The video future is here

… just not evenly distributed, as William Gibson almost said.  But it’s just got that little bit more widely distributed.

About six months ago I said that the DRM battle in video hadn’t really got started, and complained about the BBC’s choice of DRM for its iPlayer.   That’s an awfully long time ago in Internet time.

Things have just got a lot better. The BBC has opened up iPlayer for the iPhone and the iPod touch. You just go to the site in Safari and it works!

Even better, as Cory Doctorow points out at Boing Boing, this means that iPlayer content is available in DRM-free versions – all you have to do is change your browser’s user agent string to claim to be an iPhone.   (If you’re interested in the technicalities, Anthony Rose has a great explanation.)

This is a huge step on the way to video being available when and how you want it, in the way we’re getting used to audio being available.

We’ve a long way to go, of course.  Bandwidth is still a bottleneck.  (On the iPhone, you must be on a Wifi network – the phone network won’t work.)  Storage likewise.  And the content is still patchy – most of the programmes on the iPlayer site aren’t (yet?!) available like this, and the BBC is just one source of video.  And the interface isn’t fantastic – you only find out whether a programme is available when you try to play it.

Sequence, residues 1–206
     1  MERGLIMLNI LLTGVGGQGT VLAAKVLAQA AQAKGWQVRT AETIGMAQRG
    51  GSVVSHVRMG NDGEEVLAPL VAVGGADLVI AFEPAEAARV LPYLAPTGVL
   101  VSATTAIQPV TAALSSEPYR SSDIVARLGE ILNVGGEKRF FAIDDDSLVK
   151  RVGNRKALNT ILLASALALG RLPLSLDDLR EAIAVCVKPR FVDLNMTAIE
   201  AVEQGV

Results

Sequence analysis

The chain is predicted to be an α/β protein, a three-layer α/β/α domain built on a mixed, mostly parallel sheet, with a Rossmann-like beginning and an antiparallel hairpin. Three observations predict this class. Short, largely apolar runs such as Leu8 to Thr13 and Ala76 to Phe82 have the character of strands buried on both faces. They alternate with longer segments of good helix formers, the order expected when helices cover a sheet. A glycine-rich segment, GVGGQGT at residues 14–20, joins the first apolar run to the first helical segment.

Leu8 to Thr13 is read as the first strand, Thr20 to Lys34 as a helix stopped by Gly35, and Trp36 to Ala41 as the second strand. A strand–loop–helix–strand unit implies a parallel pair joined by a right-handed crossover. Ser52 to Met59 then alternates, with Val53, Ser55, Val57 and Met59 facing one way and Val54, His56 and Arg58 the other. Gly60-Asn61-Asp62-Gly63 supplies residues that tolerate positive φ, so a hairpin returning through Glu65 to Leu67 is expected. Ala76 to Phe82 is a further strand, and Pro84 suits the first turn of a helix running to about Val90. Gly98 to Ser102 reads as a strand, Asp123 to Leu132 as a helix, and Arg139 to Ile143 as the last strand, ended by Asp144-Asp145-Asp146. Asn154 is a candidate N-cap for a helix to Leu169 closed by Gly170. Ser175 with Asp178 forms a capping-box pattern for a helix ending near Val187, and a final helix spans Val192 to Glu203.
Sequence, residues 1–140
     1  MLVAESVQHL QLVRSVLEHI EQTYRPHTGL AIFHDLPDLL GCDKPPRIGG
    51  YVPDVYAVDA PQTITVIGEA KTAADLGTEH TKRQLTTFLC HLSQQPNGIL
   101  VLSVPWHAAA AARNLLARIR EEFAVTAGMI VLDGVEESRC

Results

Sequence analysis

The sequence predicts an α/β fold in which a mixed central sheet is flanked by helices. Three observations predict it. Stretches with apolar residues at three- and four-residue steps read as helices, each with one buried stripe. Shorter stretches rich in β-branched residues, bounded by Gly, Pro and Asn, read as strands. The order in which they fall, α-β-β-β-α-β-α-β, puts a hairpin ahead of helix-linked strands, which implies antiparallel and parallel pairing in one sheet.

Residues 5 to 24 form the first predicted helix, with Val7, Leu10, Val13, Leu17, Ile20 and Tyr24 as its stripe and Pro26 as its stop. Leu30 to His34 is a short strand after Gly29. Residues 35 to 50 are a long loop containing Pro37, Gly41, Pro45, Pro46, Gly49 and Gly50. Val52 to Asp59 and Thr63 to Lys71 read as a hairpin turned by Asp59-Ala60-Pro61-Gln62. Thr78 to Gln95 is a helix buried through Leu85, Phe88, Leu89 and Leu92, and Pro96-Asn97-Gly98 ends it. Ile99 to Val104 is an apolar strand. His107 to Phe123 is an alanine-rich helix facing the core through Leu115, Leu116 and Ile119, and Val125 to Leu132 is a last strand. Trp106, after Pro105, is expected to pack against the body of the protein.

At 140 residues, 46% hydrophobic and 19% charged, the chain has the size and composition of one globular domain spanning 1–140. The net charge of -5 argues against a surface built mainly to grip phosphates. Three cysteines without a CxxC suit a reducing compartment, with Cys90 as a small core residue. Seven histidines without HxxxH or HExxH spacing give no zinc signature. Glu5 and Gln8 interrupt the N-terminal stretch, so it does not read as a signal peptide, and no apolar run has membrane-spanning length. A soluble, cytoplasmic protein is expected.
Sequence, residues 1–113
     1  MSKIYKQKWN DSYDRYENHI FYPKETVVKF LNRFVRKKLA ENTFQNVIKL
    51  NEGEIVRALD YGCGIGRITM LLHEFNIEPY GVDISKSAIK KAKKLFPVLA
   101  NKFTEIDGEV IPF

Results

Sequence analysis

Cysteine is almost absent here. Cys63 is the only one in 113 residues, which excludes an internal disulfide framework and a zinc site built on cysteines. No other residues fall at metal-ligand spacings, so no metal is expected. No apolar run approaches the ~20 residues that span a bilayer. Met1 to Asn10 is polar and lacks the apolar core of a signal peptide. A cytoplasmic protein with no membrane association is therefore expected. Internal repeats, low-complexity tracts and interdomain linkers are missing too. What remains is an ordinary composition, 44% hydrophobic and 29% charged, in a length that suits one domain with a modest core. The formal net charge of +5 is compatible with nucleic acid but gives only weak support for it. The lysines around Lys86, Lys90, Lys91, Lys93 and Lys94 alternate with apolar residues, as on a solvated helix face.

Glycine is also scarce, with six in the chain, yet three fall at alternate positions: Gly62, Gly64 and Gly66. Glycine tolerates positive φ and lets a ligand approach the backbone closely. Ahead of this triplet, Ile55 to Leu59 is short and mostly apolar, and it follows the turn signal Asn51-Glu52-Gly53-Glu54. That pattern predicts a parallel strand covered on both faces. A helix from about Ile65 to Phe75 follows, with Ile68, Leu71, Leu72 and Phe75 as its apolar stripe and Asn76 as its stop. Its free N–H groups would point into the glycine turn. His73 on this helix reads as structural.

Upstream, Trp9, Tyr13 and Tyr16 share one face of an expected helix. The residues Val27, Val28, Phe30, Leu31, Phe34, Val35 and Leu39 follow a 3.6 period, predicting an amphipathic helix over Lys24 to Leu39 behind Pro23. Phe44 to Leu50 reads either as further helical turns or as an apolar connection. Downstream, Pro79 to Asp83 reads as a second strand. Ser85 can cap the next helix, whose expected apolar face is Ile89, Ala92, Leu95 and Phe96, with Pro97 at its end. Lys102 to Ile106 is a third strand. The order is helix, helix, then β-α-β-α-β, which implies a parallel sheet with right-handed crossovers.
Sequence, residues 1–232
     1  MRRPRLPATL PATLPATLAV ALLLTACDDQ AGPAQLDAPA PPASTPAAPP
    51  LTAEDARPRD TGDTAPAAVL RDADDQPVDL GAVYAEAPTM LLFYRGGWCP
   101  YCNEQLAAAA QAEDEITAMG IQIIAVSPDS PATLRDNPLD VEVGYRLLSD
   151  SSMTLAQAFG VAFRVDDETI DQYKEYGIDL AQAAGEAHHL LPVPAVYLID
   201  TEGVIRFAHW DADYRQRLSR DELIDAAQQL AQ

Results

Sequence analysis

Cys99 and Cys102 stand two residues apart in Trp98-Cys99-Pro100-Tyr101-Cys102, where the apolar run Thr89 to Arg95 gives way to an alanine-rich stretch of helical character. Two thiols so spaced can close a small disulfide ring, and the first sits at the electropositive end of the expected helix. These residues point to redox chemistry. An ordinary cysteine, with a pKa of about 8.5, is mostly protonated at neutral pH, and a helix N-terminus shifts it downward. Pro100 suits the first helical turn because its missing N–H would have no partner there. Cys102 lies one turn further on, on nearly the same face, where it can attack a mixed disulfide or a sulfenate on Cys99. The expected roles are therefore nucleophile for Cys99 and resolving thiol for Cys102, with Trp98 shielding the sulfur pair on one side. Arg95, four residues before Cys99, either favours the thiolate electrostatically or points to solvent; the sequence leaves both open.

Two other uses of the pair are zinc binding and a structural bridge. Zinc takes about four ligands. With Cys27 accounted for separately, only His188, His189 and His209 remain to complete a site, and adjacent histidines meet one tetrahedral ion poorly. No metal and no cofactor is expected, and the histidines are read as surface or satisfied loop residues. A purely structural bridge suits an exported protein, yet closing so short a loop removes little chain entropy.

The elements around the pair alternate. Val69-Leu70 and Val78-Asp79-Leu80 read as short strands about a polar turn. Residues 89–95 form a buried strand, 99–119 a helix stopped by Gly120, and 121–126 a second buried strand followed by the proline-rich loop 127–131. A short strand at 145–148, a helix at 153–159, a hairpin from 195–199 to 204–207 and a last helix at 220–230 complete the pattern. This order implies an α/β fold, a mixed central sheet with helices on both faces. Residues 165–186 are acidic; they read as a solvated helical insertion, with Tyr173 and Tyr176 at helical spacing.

But it’s fantastic to be able to see what are still quaintly called TV broadcasts on my iPod touch, on demand, in impressively high resolution – way better than most YouTube videos.  Strange the effect that new technologies have on you – I’ve never have predicted that I’d be so excited to see Jeremy Clarkson’s ugly mug.

Author: dougclow

Data scientist, tutxor, project leader, researcher, analyst, teacher, developer, educational technologist, online learning expert, and manager. I particularly enjoy rapidly appraising new-to-me contexts, and mediating between highly technical specialisms and others, from ordinary users to senior management. After 20 years at the OU as an academic, I am now a self-employed consultant, building on my skills and experience in working with people, technology, data science, and artificial intelligence, in a wide range of contexts and industries.

One thought on “The video future is here”

Comments are closed.

%d bloggers like this: